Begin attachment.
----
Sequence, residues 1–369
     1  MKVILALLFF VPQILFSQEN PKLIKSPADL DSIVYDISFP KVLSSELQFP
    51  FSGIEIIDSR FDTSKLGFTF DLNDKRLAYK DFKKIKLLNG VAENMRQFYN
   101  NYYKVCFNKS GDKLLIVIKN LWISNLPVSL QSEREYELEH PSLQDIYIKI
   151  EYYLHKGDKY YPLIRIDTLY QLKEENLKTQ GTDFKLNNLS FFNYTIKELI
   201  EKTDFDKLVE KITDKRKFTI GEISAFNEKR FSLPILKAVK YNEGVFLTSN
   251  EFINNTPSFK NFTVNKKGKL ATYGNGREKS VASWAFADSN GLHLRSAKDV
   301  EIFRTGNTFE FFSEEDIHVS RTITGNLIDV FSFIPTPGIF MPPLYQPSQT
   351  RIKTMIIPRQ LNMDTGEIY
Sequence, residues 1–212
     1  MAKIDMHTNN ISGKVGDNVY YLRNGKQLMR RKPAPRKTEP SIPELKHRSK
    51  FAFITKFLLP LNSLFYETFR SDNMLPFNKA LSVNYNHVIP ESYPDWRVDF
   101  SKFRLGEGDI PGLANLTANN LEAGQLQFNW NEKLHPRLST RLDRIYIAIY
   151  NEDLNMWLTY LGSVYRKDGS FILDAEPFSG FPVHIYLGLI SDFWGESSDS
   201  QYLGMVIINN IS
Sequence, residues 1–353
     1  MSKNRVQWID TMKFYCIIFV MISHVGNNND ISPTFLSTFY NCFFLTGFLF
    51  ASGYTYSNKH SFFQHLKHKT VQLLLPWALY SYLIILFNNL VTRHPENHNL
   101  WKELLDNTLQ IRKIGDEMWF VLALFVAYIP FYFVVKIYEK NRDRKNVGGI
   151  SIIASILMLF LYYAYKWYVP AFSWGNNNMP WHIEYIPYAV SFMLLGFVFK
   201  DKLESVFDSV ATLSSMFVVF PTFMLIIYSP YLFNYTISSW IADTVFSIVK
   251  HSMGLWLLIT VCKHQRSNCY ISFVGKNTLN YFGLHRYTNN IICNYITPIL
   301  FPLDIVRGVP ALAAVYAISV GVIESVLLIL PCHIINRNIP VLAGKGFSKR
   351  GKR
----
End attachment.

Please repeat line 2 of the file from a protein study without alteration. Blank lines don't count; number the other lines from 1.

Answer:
     1  MKVILALLFF VPQILFSQEN PKLIKSPADL DSIVYDISFP KVLSSELQFP